Washington (CNN) — Talks between House Speaker John Boehner and President Barack Obama over the government shutdown and looming debt limit deadline have hit a brick wall. Attention now turns to the Senate, where members are working on a separate plan to reopen the government.
The Democratic leadership of the Senate was scheduled to meet with Obama at the White House on Saturday afternoon.
The standstill between Boehner and Obama has put on hold any the possibility that the House would vote on its proposal to reopen the government this weekend. While leadership would remain in Washington to continue work, rank-and-file members have begun returning home to their districts until Monday afternoon.
The Senate is now front and center. The upper chamber defeated a procedural measure Saturday afternoon to extend the debt limit with no strings attached. While a vote had little chance of passing, the real work is being done behind the scenes.
And the heavy lifters are taking the lead.
Senate Majority Leader Harry Reid, D-Nevada, said he and his counterpart, Senate Republican Leader Mitch McConnell are involved in “cordial” and “preliminary” discussions.
Although there is “nothing conclusive” yet, Reid said, “I hope that our talking is some solace to the American people and the world.”
Indicating that Republicans are now more willing to negotiate, Reid said McConnell approached him to begin talks. “This hasn’t happened until now,” Reid said.
Reid also noted that a proposal by a bipartisan group of senators is no longer on the table.
The proposal, led by Republican Sen. Susan Collins of Maine and Democratic Sen. Joe Manchin of West Virginia, would fund the government for six months, extend the debt limit and delay a medical device tax that is part of the Affordable Care Act.
But Democrats rejected that plan because it treats opening the government as a “concession.”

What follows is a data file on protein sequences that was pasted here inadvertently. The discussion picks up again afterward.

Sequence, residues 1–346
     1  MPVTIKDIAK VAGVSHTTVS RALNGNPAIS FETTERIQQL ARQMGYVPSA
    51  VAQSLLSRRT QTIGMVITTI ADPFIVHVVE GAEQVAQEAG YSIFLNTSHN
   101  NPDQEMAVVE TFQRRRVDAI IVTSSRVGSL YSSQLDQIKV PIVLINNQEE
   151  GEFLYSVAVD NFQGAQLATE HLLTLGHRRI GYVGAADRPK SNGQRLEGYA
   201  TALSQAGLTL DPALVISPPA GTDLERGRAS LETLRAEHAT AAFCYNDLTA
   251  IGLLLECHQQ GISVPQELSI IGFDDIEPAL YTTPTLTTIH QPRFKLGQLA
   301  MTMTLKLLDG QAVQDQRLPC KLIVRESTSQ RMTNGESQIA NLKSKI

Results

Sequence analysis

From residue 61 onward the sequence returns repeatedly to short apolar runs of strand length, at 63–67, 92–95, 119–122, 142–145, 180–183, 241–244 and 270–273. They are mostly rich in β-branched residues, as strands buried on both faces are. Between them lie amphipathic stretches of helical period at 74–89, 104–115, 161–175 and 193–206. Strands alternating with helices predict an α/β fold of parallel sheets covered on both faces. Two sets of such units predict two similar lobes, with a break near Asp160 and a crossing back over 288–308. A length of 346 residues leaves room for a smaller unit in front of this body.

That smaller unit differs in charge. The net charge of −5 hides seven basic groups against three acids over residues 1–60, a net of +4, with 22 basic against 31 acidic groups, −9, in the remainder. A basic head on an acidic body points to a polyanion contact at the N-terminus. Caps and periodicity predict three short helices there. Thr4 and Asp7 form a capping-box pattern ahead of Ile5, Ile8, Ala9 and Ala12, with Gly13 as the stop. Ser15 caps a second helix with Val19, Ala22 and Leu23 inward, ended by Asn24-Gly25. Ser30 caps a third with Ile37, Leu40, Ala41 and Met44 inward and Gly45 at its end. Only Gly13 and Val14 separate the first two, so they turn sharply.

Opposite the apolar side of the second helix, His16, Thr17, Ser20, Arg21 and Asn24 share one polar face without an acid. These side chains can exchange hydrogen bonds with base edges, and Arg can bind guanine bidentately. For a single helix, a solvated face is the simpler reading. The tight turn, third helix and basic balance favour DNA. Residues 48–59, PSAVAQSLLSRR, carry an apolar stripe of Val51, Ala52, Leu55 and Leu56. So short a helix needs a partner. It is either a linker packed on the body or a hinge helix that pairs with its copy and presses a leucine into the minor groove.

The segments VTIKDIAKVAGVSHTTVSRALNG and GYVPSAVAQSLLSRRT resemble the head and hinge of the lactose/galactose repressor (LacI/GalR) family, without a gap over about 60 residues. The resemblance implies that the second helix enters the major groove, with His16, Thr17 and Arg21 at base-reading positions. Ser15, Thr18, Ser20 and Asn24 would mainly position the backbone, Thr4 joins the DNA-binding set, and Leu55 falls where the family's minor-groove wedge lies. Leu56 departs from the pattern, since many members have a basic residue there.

Reid continues to demand that any plan include a “clean” bill with no strings attached that raises the debt limit and reopens the government.
Sen. Chuck Schumer, D-New York, said progress is being made. “I think our Republican colleagues are moving in our direction with the fact that Obamacare is not a major part of the discussion any more among most all Senate and many House Republicans,” he said.
Tennessee Republican Bob Corker told CNN that Reid and McConnell “will continue to talk over the weekend.”
“Again, it is very evident that the White House is not going to be involved in negotiations, at least at this point they are not, and that the centerpiece is Reid and McConnell. So I think all of us want to support those efforts and hopefully they bear fruit over the weekend,” Corker said.
Corker said that lawmakers continue to talk to each other and that discussions are “good.”
Republican leadership told the Republican caucus during a Saturday morning meeting that the president will not accept their proposal to raise the debt limit for six weeks.
Rep. Raul Labrador, R-Idaho, told CNN Saturday that “the President rejected our deal.”
The standstill comes after a Friday afternoon phone call between Boehner and Obama, when they decided keep talking.
Rep. Adam Kinzinger, R-Illinois, said the President is waiting for a better offer.
“It doesn’t seem like the White House is serious at all about entering negotiations with us until they see what comes out of the Senate. If they get something out of the Senate that’s weaker than our negotiated position, it obviously strengthens their position,” Kinzinger said.
The lack of a mechanism in the House proposal to immediately reopen the government — which has been partially shut down since October 1, prompting the furlough of hundreds of thousands of workers, the closing of national parks and an increase in public anger — turned off many Senators.